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@Bruce Brown posted:

Here is another seller of the pads. Frankly, I never had an easy time replacing the pads. A few years ago in a magazine article, someone came up with a modification to make it easier to swap pads but I never quite understood it!

https://www.ebay.com/itm/334127451665

I wonder what makes that dozen pads worth $5 more than the two dozen in the other ad!

@Nov posted:

Do most of you use goo gone, alcohol or something else on the front pad?  I just bought one a couple days ago and would appreciate the info.  

I use Goo Gone and also added a couple of adhesive wheel weights to the two top plates to increase pressure on the rails. Weights are available at Harbour Freight as well as auto parts stores and ebay.

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Have you seen this chart? The best solvents for track cleaning are the non-polar solvents, the cleaning job lasts much longer. There's a whole article that describes the chemistry of the issue.

Polar vs. non-Polar Solvents

John,

It took me a little time to find this, I have copies but thought I would post a link to the article in MRH, it starts on page 9.  I have used this, with mineral spirits, with good success.

https://s3-us-west-2.amazonaws...ay/online/index.html

Ray

Last edited by Rayin"S"
@Rayin"S" posted:

It took me a little time to find this, I have copies but thought I would post a link to the article in MRH, it starts on page 9.  I have used this, with mineral spirits, with good success.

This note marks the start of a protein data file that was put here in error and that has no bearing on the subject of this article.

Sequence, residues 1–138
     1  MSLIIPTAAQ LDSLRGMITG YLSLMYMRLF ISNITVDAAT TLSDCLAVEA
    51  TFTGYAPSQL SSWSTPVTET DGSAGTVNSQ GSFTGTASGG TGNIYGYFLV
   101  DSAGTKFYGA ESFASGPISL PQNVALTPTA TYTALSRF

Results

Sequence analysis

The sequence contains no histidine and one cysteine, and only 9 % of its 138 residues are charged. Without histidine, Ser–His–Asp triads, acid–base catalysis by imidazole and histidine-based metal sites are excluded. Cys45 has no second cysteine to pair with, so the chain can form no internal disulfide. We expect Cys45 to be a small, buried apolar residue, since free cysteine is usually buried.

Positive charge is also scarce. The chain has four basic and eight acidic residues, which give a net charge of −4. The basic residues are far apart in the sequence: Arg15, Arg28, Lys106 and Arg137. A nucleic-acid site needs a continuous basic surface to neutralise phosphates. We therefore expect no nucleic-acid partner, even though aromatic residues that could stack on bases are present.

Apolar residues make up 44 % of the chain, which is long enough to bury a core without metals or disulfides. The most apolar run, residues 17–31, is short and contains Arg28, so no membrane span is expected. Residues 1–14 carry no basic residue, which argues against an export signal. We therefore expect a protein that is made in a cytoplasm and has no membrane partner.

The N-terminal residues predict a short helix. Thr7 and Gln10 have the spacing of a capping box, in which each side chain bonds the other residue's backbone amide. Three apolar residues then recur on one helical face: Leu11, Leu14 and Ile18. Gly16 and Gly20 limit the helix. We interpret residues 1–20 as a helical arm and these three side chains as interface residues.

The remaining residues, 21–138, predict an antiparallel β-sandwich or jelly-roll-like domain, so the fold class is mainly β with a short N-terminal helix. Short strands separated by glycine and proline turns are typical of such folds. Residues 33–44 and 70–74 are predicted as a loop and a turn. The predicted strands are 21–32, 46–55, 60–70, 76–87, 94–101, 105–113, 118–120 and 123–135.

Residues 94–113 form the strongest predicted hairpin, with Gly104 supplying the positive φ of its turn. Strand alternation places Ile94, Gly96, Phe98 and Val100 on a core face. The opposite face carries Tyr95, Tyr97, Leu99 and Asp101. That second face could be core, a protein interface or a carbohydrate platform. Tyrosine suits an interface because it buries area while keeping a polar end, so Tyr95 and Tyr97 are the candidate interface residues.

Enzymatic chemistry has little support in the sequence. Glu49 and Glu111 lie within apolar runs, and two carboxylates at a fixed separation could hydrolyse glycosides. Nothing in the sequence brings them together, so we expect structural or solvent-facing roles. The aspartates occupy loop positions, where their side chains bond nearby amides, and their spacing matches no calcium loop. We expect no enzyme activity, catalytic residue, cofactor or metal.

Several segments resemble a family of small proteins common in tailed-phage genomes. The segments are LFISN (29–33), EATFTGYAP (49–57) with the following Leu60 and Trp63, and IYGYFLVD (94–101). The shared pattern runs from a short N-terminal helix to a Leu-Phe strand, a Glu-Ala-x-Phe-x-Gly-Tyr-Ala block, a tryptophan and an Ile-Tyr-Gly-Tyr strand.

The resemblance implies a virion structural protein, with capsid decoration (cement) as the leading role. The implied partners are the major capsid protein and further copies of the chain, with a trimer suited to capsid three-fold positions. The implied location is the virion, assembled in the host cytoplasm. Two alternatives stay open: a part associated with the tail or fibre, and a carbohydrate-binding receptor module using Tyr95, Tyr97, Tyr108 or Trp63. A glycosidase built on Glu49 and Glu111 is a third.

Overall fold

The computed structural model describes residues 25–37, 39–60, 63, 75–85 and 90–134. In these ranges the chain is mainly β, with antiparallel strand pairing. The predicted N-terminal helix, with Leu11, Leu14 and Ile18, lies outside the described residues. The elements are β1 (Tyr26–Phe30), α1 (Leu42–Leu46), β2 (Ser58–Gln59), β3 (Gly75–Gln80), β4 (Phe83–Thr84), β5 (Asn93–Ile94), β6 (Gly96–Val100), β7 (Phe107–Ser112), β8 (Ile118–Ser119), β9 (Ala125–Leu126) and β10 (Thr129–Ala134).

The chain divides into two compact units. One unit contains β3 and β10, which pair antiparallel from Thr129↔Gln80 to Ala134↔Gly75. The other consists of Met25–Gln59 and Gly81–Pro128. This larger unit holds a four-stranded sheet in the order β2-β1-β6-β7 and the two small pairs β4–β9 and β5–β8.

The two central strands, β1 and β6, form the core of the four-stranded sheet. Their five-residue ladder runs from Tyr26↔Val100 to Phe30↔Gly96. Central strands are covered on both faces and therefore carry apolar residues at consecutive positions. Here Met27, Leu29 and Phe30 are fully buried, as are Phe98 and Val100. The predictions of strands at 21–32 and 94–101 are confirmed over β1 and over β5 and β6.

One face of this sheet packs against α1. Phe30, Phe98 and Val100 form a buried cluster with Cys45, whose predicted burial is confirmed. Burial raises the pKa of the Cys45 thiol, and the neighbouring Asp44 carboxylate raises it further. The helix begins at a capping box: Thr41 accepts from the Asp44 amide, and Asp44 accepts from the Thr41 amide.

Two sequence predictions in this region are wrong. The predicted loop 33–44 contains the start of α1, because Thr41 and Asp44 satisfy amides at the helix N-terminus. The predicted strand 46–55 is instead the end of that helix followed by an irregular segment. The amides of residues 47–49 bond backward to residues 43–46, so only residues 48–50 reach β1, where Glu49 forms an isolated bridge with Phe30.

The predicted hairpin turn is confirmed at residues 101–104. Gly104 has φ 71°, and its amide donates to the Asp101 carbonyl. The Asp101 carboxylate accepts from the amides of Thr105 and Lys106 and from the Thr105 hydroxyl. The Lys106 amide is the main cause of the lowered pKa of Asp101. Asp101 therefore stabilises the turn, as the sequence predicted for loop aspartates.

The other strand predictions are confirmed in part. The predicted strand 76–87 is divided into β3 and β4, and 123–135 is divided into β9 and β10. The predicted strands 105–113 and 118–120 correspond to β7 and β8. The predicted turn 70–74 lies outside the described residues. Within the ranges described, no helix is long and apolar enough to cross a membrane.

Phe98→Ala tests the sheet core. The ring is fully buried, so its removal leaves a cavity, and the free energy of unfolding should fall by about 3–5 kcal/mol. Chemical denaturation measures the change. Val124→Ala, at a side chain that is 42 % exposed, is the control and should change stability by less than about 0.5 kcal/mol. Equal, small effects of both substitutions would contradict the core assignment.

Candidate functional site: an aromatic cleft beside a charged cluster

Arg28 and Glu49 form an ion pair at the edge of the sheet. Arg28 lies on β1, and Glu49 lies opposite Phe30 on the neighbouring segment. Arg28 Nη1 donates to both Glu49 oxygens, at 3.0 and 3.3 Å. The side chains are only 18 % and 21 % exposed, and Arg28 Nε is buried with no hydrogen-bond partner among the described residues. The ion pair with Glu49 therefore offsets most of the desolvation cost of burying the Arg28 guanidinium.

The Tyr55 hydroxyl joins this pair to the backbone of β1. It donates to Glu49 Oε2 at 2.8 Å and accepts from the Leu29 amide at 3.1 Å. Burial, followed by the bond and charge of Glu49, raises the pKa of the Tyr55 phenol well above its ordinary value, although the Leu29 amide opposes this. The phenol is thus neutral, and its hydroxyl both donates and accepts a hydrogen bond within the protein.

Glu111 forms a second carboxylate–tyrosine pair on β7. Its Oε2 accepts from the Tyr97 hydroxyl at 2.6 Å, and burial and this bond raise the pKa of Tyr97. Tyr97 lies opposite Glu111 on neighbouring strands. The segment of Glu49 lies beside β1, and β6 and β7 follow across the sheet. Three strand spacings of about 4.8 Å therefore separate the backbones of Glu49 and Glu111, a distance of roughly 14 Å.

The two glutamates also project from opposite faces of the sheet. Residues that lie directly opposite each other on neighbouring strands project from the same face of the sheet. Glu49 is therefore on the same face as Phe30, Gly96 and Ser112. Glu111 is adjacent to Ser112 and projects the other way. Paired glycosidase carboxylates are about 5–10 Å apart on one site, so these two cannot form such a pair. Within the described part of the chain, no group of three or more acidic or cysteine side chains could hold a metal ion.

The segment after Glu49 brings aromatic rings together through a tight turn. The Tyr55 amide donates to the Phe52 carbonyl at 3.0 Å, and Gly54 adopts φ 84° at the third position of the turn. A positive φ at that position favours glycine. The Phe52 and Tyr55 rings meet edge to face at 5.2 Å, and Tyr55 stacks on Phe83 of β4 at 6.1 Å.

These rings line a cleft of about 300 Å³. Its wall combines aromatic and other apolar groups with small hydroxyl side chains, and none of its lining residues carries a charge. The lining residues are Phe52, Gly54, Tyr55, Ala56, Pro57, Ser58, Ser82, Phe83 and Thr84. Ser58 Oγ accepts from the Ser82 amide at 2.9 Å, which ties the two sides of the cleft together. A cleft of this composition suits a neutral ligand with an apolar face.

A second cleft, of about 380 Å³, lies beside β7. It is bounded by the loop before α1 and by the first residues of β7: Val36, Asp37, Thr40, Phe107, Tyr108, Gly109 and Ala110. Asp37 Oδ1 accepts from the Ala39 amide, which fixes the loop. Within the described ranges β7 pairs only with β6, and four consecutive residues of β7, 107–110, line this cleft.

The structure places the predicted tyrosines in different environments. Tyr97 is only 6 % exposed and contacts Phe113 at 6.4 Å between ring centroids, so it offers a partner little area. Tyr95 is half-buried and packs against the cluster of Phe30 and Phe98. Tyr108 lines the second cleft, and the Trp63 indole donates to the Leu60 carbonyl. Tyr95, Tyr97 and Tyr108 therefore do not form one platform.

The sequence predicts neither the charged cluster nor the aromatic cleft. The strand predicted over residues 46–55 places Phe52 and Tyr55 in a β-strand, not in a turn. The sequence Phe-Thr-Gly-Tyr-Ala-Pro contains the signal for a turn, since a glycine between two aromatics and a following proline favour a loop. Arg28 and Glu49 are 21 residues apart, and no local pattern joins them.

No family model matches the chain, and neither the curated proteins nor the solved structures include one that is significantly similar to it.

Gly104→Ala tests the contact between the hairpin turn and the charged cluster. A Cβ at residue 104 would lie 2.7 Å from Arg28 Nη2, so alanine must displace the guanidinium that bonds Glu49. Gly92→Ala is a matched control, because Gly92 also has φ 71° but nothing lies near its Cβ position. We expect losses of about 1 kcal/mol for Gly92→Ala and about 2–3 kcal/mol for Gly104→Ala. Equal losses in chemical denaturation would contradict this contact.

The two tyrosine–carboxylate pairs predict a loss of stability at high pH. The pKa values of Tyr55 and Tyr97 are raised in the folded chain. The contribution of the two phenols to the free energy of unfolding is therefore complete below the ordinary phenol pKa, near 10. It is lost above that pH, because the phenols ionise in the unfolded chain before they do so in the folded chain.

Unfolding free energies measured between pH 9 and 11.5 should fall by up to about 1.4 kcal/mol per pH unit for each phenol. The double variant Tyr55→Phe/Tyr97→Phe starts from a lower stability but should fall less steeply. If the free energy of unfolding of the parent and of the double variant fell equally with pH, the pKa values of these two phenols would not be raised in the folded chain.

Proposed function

https://s3-us-west-2.amazonaws...ay/online/index.html

Ray

I had an old-timer tell me once that mineral spirits were the way to go for track cleaning, effective and very cheap, and he couldn't understand why anyone would use anything else. Looks like the chart shows him to have been right - very effective, reasonably usable in household settings (with odorless mineral spirits), and cheap.

Last edited by breezinup

There is no universal agreement in the O, HO or N-Gauge world on the best track cleaning methods. After 100+ years of operating model trains, there is still is no consensus.

Track cleaning falls into two broad categories: 1) abrasive and 2) chemical solvents. Within each group, cleaning can be accomplished manually or with a track cleaning car.

All the methods listed below are proven to work with normally dirty track.

Abrasive Track Cleaners:



Chemicals & Solvents. There are plenty of argumentative tradeoffs to be made with cleaning effectiveness, odor & noxious gases, evaporation time; flammability, residue, effect on rubber tires & plastics, tendency to attract dirt, cancer and reproductive warnings, degreasing ability, conductivity, and ventilation ability in train room. Some cleaning methods may require two steps—one solvent initially cleans the track and a different solvent removes any of the initial cleaner residue. Here the more popular ones. Each one has its proponents and detractors. Some may be banned in California. The spray solvents should be first sprayed on a cloth or pad to prevent accidental contact with non-metal surfaces.





Track Cleaning Cars:



Last edited by Bruce Brown
@RJR posted:
BJB:  Thanks for advising forumites of flammability.

Well, he missed a few of those notifications.   I've added them in red.

@Bruce Brown posted:

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